Mon. Oct 18th, 2021

Stuck in Time in 12-Step Recovery


(This piece was sent to me by a member of this blog community, and I think it’s incredibly astute and revealing. As a developmental psychologist, I strongly agree that the recovery process should be viewed as developmental, not static. P.S. It’s apparently no longer be-nice-to-12-step week.)


After I had been clean for what one member counted as 17 months, I finally went back to an NA meeting, only to discover that there is such a thing as being held in stasis in recovery — and that I had, myself, been there. I was acutely aware before, but even more by that point, that for many of my 12 step instructors (for lack of a better word) we were supposed to freeze ourselves in that very moment in which we finally realized that we were “diseased” and had decided to devote ourselves to recovery. We were to cling to that moment in time, reaching backwards instead of forward, into the depths of our misery lest we forget it, developing emotionally only artificially via these 12 steps but otherwise staying rather static in some very crucial ways. So, I watched as roughly 30 people recounted, and with the same stories I had observed over 17 months prior, the worst moments of their addiction. Having not been in a 12 step program since getting clean, but rather in trauma therapy (when I had any therapy at all) as well as restructuring my life on my own based around my new-found loves of self-restraint and goal oriented thinking (not to mention just plain having fun), I could only see in these shares shadows of my past. My very sick past, and one in which I was unable to achieve any kind of “recovery”. I could also see exactly what my therapist always warned as dangerous in terms of staying in the moment and forcing oneself to relive past traumas, though my new and healthy brain had already directed me against this sort of thinking. Very far away from this kind of thinking, so why was this not the case in the most well-known substance abuse venue in the western world?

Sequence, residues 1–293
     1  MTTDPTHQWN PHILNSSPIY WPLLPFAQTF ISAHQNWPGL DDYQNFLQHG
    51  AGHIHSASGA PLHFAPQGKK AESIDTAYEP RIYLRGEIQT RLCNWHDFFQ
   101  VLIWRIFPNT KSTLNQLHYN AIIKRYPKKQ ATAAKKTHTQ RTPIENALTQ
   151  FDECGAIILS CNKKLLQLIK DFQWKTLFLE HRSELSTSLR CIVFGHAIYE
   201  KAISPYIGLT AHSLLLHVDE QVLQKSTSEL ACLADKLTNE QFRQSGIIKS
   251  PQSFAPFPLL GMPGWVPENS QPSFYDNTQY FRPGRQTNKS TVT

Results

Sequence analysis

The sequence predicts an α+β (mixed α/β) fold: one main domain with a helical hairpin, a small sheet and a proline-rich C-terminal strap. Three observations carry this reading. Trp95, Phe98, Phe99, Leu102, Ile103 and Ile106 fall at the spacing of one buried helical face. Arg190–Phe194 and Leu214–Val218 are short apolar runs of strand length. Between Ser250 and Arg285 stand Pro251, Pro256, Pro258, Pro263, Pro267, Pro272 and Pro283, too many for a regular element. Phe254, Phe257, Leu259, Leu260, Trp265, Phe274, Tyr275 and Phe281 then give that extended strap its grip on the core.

I understand the 12 step idea of reliving these dark times, and I am aware that this does help some people whose struggle with their own addiction requires constant reminders of how bad their lives get if they use or drink, lest they are tempted to casually or socially (moderate) use or drink. The fact is that this does not help everyone who has struggled with substance abuse, nor is it an idea much found (at least not by me) in other areas of psychology, certainly not in the areas of trauma and abuse. For many, much like the stages of grieving or healing from traumas by emotionally processing them in stages, healing from addiction (and reaching the state of having recovered) requires emotional growth. Change. Realizing that we have made mistakes, and learning from them — while critically gaining self-esteem and the confidence that comes from our own successes in the process. Learning, in a sense, to ride without the training wheels, even if it results in a few scuff ups along the way.

I realized while listening to these shares (over 30) that none of this emotional development had taken place with the members of this particular group. Hopelessness, anxiety, and the common thread that the “disease” was still very present (and quite personified, doing push-ups in the parking lot and lurking around every corner just waiting to flare back into active addiction), even in the relatively normal actions and thoughts these people had experienced that day. They were still experiencing the anxieties and fears I by then had come to associate only with active addiction and very, very early sobriety.

Not being trained in psychology but having had my fair share of trauma counseling and the usual smattering of readings about trauma and abuse, I also associated these problems as being almost akin to PTSD, which is almost by definition a state of stasis in which one cannot process or heal from a traumatic experience.